by Justin Carter
Last night, I finally went to see Draft Day. I was a little late to the game (total # of people in the theater: 3), but I thought– why not? I loved Major League, so maybe another Cleveland sports movie would be great as well?
Okay, I was little wrong in my estimation.
Here [spoilers] is my biggest issue with the movie: Kevin Costner gets lauded for the draft day moves he makes, but they just– aren’t good moves.
Here’s the breakdown. Costner trades three years of first round picks for the #1 overall pick. With that #1 pick, he drafts the linebacker that was projected to still be there at seven. But don’t worry– Costner has a plan. He sends Jacksonville three second round picks for the #6. Then, he tricks Seattle into giving him back all three of his first rounders & a return man for that #6. So, now the Browns have traded three second round picks for the #7 pick in the draft & a punt returner. It could be worse, sure, but HEY the Browns have another first rounder & their first rounders in the future back! So, at 7, who do the Browns pick?
A running back.
In 2012, the Browns picked Trent Richardson third. In the real 2014 draft, the first running back went off the board at the end of round two. So, the Browns could have just NEVER made a trade & picked up their defensive guy at seven, then used the second rounder on a back, tried to find a returner around the 5th or 6th, & STILL HAD SECOND ROUND PICKS FOR THE NEXT TWO YEARS.
Looking at Over The Cap, if we go by the 2013 numbers, the difference between taking Vontae Mack at #1 vs the #7 pick they would have used on him is a move from spending ~14.5 million to ~22 million. In addition, the #40 pick that Cleveland would have used in round two (probably on a different running back) slots in at 5 milion. Instead, they’ll pay that 14.5 million mentioned earlier for a guy who, well– probably won’t be as good as the actor who portrayed him (HI ARIAN FOSTER). In 2014, you just can’t afford to send an extra 10 million on a running back, not when so many solid backs are picked late in the draft.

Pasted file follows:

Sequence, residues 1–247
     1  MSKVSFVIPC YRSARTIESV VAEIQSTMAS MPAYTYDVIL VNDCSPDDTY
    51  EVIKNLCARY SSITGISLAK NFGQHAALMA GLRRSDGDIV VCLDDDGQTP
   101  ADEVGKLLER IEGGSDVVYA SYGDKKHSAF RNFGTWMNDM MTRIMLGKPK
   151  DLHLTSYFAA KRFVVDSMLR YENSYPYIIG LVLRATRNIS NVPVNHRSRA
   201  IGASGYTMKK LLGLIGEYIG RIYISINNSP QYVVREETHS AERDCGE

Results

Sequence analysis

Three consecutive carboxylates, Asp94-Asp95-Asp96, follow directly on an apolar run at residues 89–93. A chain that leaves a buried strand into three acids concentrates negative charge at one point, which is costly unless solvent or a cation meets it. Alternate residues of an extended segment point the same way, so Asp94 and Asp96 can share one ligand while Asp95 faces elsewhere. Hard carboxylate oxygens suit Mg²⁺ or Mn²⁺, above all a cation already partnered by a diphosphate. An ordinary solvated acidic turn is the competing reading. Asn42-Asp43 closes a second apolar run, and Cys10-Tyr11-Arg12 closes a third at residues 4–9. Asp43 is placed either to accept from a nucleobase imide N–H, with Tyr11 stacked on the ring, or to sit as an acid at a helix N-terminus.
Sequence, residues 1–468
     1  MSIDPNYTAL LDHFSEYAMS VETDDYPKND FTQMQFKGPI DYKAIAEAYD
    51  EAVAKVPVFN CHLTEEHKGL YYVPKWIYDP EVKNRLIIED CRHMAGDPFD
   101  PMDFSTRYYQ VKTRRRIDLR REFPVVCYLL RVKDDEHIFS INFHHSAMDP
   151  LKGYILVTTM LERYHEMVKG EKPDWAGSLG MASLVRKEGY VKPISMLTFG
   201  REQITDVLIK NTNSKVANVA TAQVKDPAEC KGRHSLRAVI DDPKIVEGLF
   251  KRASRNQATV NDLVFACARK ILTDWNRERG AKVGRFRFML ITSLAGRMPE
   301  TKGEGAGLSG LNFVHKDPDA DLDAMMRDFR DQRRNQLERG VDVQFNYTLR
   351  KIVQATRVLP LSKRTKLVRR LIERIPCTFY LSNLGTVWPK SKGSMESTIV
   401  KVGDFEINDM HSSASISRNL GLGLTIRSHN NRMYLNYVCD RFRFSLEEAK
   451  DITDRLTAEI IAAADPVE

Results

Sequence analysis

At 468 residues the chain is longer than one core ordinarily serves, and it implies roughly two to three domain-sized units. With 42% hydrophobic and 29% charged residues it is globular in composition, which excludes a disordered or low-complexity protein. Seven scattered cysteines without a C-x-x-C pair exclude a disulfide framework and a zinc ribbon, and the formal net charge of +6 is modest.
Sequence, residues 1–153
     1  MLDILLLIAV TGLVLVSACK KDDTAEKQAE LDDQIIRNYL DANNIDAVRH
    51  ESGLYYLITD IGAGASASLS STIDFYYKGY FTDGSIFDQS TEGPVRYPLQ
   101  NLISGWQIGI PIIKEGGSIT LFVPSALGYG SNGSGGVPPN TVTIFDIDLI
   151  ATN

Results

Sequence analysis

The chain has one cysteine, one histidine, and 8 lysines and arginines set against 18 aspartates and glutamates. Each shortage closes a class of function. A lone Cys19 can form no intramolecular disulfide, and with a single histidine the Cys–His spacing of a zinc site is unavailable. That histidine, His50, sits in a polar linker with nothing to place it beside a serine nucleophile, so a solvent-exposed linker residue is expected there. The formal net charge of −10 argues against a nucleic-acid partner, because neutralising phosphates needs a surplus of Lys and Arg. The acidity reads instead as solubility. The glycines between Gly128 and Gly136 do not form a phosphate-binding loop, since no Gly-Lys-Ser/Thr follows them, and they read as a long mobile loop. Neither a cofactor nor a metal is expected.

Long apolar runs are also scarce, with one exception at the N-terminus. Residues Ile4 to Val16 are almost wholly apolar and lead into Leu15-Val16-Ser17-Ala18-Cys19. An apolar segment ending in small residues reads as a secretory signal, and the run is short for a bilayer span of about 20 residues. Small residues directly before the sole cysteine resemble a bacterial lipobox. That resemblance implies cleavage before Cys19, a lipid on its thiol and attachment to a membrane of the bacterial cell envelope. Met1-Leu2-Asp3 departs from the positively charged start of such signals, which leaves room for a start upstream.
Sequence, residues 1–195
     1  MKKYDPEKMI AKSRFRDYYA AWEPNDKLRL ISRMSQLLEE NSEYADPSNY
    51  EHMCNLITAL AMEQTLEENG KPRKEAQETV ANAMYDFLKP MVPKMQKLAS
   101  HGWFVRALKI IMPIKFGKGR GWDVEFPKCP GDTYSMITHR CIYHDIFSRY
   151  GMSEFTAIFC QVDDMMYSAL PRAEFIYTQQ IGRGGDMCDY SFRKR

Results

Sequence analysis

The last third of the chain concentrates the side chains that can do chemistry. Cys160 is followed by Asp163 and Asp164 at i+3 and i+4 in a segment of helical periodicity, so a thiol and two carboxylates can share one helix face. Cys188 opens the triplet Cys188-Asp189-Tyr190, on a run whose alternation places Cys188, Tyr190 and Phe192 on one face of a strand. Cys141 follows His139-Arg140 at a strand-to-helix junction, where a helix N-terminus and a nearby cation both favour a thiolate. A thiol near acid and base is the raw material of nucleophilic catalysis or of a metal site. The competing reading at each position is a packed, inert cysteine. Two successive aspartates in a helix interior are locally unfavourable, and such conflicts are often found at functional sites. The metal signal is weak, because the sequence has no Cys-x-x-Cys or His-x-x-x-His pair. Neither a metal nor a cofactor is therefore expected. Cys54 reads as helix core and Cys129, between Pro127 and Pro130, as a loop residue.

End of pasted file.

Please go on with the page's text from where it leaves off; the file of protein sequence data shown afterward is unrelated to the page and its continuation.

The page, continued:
Early in the movie, Costner asks his capologist if they can afford the #1 pick. She says she’ll have to make a few moves (i.e. releasing some veterans to free up space) for it to work. So, now, if they have to afford both the #1 & the #7? They’re going to have to free up space somehow, which is going to result in more holes that will have to be filled by UDFAs or low-end free agents.
&, let’s not forget that they’re still relying on a QB who is COMING OFF OF A KNEE INJURY to lead the team. Sure, the trainer says he’s in the best shape of his life, but– it’s the NFL. A player with a knee issue is going to take some shots to the knee. Bernard Pollard is not going to show him any mercy. & if he has a good season? He’s going to need a raise. Where’s that money going to come from?
So, congrats Kevin Costner– you’ve kept the Browns in mediocrity. Instead, you just payed a lot of money to add the equivalent of Anthony Barr &– uhh, Trent Richardson?– to a team that will led by Brian Hoyer.